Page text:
Saturday, October 31, 2009

School Festival

This weekend Josai International University are hosting a festival.

Festivals are a big thing in Japan, and it seems like it's always a festival going on somewhere. Stalls are put up so that students can sell food and the clubs at school show their talents. There's also a bunch of other entertainment and performances.

What's that? I have to try!

Poor fishy

A bunch of people from my class had a stall selling Norwegian style waffles. Other countries' "cuisine" like Spain, China and Hawaii was also represented.

Norwegian style waffles with jam and Norwegian brown cheese


Satoo-sensee caught in the act of eating a waffle

Why is the guy in the upper right corner laughing? Creepy


I nearly choked on one of these. It's a good thing I didn't, because Cat said "no"
when I asked her later if she knew the heimlich maneuver

People from the hand sign club performing a song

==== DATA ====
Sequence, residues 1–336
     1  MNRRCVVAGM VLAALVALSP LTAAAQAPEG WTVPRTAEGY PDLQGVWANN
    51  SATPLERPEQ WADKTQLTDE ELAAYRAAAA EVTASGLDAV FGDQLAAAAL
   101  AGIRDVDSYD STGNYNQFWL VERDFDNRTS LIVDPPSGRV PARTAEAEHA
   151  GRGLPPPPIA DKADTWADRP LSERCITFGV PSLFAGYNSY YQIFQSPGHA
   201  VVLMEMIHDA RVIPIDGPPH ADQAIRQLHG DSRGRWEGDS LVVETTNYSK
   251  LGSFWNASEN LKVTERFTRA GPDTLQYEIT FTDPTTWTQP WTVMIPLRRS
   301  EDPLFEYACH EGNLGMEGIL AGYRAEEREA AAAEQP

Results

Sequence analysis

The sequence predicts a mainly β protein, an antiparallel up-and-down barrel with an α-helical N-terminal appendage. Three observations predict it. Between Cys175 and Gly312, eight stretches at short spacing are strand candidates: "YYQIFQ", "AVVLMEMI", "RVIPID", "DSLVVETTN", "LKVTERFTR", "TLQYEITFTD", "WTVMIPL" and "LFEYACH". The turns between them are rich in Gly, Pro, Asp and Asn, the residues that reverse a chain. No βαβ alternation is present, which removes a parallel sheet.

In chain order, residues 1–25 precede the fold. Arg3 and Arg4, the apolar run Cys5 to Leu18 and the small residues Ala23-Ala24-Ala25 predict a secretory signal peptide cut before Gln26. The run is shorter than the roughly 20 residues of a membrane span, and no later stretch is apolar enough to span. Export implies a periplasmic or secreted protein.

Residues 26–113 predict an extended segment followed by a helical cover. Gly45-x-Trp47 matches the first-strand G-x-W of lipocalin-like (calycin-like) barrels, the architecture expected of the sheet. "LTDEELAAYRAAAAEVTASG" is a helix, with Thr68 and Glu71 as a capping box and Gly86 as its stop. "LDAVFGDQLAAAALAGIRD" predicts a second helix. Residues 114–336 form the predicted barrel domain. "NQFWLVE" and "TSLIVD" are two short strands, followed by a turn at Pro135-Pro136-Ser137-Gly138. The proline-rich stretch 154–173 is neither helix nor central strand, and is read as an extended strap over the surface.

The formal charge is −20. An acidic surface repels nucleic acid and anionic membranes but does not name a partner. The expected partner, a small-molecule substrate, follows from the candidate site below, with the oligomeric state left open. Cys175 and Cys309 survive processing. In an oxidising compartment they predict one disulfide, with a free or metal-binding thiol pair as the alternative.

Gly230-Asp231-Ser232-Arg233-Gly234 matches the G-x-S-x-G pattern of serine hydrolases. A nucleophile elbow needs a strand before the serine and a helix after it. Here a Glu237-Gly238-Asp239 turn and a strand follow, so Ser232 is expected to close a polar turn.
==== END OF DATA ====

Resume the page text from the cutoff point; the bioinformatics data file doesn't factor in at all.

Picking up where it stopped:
Trip to the place where dreams come true

Wictoria putting on makeup in the moving train at 6.42 in the morning

So yesterday we finally had the time to go to Tokyo Disneyland, which isn't actually located in Tokyo, but in the same prefecture as the one we're living in called in Chiba.

We had actually planned on skipping school on Monday this week, but karma made yet another typhoon hit that day, and it was raining cats and dogs. Fortunately we soon realised we'd get Friday off school, because of the school festival - and we we're able to go without any bad guilt from skipping school. And it was kind of a reward too, since we'd survived both an oral test and a big grammar test this week.